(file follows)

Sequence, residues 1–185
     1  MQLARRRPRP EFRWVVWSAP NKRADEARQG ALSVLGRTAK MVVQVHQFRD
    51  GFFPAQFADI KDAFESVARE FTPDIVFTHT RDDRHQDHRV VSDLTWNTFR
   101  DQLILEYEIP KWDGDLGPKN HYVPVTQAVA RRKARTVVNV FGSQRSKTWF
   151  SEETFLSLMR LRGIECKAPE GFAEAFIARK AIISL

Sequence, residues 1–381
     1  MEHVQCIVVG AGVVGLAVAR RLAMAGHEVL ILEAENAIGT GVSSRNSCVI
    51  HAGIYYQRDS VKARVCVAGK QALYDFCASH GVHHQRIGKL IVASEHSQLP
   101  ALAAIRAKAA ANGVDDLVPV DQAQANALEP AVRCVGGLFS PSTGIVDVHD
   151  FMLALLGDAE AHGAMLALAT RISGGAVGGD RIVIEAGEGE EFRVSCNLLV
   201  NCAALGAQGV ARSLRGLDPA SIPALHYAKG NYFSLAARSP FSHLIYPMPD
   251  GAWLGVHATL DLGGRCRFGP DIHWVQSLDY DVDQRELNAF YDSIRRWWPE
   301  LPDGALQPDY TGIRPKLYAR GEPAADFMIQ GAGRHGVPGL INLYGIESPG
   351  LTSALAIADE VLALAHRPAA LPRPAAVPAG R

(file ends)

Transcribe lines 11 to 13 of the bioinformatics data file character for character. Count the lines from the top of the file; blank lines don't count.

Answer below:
   201  NCAALGAQGV ARSLRGLDPA SIPALHYAKG NYFSLAARSP FSHLIYPMPD
   251  GAWLGVHATL DLGGRCRFGP DIHWVQSLDY DVDQRELNAF YDSIRRWWPE
   301  LPDGALQPDY TGIRPKLYAR GEPAADFMIQ GAGRHGVPGL INLYGIESPG